Faculty: Arts, Humanities and Social Sciences
Interview date: 24 May 2021
The majority of dementia care is delivered in the home by spouse, partner or other relative. This can have a significant negative effect on carers’ health and wellbeing, disrupting sleep regulation and quality (Gao et al, 2019).
Music listening has been shown in meta-studies to facilitate blood pressure recovery, reduce anxiety and aid psychophysiological recovery from stress. Listening to relaxing music can reduce arousal and improve objective and subjective sleep parameters (Cordi et al, 2019). It is now possible for music streaming and mobile application technologies to converge and provide adjunct music-based therapy for affective disorders (Schriewer and Bulaj, 2016).
X-System is an innovative computational approach to the automatic categorisation of music by its effects on heart rate and modulation of arousal levels (Sice et al, 2020), mood, bodily movement and autonomic and endocrine responses. Decreasing arousal using participant selected playlists of relaxing music, streamed from X-System and linked to each participant’s heart rate data, may help to gradually decrease arousal and help to induce sleep and improve sleep quality.
The aim of this study is to measure the effect on sleep regulation, sleep quality and quality of life in dementia carers, of listening to preferred-relaxing music playlists in their home when preparing for sleep.
This PhD programme in ARU’s Cambridge Institute for Music Therapy Research (CIMTR) will form a nested study within CIMTR’s RadioMe project. Approximately ten carers of participants recruited into RadioMe will be invited. A within subject case series design, informed through Patient Carer and Public Involvement (PCPI) will be conducted.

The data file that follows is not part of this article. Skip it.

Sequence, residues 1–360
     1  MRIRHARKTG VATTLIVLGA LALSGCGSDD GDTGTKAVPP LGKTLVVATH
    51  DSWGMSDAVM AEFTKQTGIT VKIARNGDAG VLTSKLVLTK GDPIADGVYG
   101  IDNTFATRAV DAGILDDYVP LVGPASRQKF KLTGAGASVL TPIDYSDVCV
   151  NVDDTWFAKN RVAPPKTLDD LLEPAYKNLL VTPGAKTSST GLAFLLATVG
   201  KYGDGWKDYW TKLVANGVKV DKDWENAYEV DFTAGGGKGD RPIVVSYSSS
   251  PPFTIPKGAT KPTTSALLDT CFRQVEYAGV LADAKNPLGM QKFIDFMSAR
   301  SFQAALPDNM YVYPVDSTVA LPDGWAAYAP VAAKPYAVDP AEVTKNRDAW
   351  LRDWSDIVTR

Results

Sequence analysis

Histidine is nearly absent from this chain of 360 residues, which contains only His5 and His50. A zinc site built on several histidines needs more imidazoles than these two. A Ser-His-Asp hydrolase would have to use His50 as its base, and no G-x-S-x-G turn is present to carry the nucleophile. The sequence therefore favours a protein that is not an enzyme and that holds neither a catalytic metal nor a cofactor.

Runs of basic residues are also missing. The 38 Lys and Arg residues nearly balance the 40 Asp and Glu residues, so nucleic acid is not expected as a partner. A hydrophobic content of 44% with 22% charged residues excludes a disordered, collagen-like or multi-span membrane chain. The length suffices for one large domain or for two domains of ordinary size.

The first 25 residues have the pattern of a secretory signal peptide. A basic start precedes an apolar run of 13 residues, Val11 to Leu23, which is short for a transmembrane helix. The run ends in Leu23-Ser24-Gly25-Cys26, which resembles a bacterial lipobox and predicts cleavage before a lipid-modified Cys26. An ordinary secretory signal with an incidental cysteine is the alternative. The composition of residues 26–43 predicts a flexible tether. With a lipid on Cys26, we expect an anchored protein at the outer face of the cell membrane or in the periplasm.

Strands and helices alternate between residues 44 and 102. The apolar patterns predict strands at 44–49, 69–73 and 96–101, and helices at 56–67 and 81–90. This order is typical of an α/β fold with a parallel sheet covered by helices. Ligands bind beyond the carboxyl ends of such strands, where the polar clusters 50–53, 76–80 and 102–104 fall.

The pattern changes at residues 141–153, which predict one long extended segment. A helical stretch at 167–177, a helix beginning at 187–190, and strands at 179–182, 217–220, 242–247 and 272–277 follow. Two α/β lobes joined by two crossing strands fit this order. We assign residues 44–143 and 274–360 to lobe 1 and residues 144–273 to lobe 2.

X-System music listening will be self-delivered via a tablet or smartphone and Bluetooth headphones or speaker for up to 30 minutes at a time when the participant is in bed and preparing for sleep. A heart rate monitor will be continuously worn by the carers during the intervention, which will control the music delivery. As the heart rate reduces, the X-System will select music that will continue to reduce it towards sleep state.
The researcher will form a PCPI advisory group at study setup stage and meet with other carer support groups throughout the study. This will inform on the design, including: study document design, music listening period (weeks), comfort/preferences for music playback, EEG and ECG data collection, training materials for carers, dissemination.
This project aligns with CIMTRs Healthy Ageing and Neuroscience priority areas, and will adapt to two research projects at CIMTR that are developing on impact: RadioMe and Homeside. The EPSRC funded project RadioMe targets a technological development that will support PwDs in early stages being able to live independently without professional carers. Homeside is an international JNPD funded project researching ways to train and empower carers (next of kin, family members living with PwD) to deliver indirect music therapy, i.e. the carers are trained and supervised by professional music therapists to deliver tailored interventions.Apply online by 25 April
This successful applicant for this project will receive a Vice Chancellor’s PhD Scholarship which covers Home tuition fees and provides a UKRI equivalent minimum annual stipend for three years. For 2021/2 this will be £15,609 per year. The award is subject to the successful candidate meeting the scholarship terms and conditions. Please note that the University asserts the right to claim any intellectual property generated by research it funds.